For many months, rumors have been swirling around Google creating a gaming platform. Most agreed that this would come in the form of some sort of Android-powered gaming box or via online game streaming. It seems the latter is the answer.
Project Stream is an effort by the search giant to get into the tricky cloud-served gaming industry. If you aren’t familiar, the idea is simple and the execution is very difficult. Most people don’t have access to well-outfitted gaming rig or don’t game enough to want to invest the money for one. I find myself in that camp. I could shell out money for a gaming PC, but I just don’t game enough to justify it.
What if, however, I could run these complex games on a powerful server and simply control it from my under-powered computer? Well, that sounds interesting, doesn’t it?
And that is the premise of game streaming. Up to this point, it has proven quite tricky to pull off, however. Most games require quick reaction and even a few milliseconds of lag between input and action make the experience not only frustrating, but basically unplayable. Imagine playing Fortnite or PUBG and there being a half second delay between your hitting the fire button and anything actually occurring on screen.
Not really the best solution, right?
Enter Google’s Massive Server Base
The issue in most of this comes down to server proximity. For obvious reasons, the farther a connection is from your physical location, the longer it takes to send and receive things. For most internet things, this isn’t an issue. We don’t mind a few seconds of buffering when a video loads and we know visiting a new website will take a couple second to load. Because of this, most of us don’t give a ton of thought to ping speeds and server locations.
However, when we start talking about gaming and the razor-thin tolerances for input lag, all these factors become very important.
I’ve tried a few game streaming services and I’ve always been very pleased with the quality of the images on my screen. That’s never been the issue. Even with a wired connection to my device, the slight lag for input methods has always been too much for me to continue playing. I like first-person/third-person shooters and fighting games, so quick response is crucial. Game streaming just hasn’t yet been up to the task for me.
Google’s advantage, then, becomes their massive scale. In the post over at The Keyword, they don’t mince words about this. They admit it is tricky and crucial that image quality be high while maintaining little to no lag on input devices. Chances are good that you live decently near a Google server if you are in the US, so utilizing this massive server scale could theoretically have a huge impact on latency for users.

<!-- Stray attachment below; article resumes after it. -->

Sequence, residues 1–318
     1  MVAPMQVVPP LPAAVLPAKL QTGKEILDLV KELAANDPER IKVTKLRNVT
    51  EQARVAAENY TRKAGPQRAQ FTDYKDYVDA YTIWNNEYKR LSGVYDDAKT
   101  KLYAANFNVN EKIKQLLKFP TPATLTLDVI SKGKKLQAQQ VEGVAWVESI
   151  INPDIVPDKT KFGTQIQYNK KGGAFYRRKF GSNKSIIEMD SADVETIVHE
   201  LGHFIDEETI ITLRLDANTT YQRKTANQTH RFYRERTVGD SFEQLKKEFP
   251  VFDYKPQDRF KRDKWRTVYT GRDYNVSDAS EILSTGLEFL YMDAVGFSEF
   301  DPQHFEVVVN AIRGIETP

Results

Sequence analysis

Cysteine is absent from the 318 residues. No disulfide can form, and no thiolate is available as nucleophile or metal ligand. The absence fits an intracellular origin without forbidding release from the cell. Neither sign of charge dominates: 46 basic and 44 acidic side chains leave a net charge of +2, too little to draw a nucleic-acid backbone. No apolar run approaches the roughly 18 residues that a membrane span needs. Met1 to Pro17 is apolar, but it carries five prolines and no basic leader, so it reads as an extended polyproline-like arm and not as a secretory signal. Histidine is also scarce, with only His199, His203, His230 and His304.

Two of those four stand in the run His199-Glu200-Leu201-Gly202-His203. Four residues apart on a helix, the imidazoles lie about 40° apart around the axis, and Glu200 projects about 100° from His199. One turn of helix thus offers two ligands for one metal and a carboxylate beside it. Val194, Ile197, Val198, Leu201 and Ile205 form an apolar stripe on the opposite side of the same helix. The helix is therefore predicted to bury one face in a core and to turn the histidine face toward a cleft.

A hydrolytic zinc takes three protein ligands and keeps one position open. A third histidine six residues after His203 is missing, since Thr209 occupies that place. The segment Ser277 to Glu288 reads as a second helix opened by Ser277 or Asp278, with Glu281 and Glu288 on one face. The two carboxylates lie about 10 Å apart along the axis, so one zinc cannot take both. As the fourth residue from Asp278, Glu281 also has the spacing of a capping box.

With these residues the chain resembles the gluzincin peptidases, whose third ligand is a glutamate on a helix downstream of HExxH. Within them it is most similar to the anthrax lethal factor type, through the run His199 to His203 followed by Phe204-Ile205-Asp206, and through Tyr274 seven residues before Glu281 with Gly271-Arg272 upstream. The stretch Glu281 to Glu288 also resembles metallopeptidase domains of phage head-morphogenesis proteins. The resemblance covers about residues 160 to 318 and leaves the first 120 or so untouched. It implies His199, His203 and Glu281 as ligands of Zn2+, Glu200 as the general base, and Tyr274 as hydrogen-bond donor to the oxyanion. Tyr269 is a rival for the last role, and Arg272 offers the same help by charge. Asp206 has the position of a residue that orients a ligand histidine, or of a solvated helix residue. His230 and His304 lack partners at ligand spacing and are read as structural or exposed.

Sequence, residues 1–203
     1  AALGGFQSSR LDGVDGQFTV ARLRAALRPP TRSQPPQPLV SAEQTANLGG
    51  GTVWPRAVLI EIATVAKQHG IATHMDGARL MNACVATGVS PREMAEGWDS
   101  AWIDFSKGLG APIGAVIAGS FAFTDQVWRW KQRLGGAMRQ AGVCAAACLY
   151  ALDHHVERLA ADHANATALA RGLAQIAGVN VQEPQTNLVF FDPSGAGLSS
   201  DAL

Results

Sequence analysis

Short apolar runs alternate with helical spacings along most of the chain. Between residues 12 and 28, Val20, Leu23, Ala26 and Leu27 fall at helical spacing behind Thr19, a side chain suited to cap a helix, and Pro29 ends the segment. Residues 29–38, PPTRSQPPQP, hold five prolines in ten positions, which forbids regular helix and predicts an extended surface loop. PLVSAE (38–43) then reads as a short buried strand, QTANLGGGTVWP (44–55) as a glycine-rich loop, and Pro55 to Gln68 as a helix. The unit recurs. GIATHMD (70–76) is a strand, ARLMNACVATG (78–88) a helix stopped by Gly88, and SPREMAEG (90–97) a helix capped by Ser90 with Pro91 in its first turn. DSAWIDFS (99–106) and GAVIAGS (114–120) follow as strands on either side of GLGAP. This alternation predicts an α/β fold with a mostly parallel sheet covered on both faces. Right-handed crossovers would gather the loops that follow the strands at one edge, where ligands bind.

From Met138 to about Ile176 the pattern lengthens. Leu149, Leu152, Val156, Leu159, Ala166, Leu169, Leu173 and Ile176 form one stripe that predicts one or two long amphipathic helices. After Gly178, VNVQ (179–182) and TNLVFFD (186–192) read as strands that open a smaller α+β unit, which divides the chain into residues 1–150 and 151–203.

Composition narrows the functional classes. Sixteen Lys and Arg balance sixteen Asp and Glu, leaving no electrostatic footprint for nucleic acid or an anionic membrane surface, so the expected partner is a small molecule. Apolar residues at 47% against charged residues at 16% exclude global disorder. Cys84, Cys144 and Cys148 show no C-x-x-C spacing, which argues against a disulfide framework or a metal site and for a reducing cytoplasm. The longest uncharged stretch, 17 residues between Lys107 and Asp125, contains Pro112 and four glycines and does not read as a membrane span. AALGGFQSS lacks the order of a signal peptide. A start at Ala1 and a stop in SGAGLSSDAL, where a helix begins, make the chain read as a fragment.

I’m sure there are other, more technical things happening in the background to help this as well, but there is simply no substitute for proximity when we’re talking about ping speeds. Keep in mind, too, that this is still a project at this point that is set to last until January. This gives Google a strong test bed to figure out if they can actually pull this whole thing off or not.
No Chromecast Support
Part of the speculation around this whole effort has also included the new Bluetooth-enabled Chromecast set to be released soon. The thinking makes perfect sense: get game streaming up and running and then cast the session to a Chromecast on the big screen. All you need is input methods, and those could theoretically attach directly to the Chromecast with Bluetooth.
I’m not saying this won’t happen at some point, but if you take a look at the FAQ for Project Stream, you can see the following:
Q: How do I play this on my TV?
A: Project Stream is a test and we are focused on providing a quality streamed experience to your Chrome browser on your PC, not a TV experience.
Seems pretty cut and dry to me. If Google was planning on Chromecast support, they could have included a simple “not at this time” or not even addressed this question in the FAQ at all. While I’d love to see Project Stream work on Chromecast, I think there’s little chance it happens anytime soon. While this is a bit of a bummer, you can always plug your Chromebook, PC or Macbook into a TV via HDMI for a bigger screen experience if you want.
For now, I’m crossing my fingers for an invite so I can be a part of testing something that could, in the end, change the way we approach AAA gaming from this time forward. If Google can get this right, it will have a massive appeal and massive impact on the gaming market.
Want to sign up? Head over here to throw your name in the pot!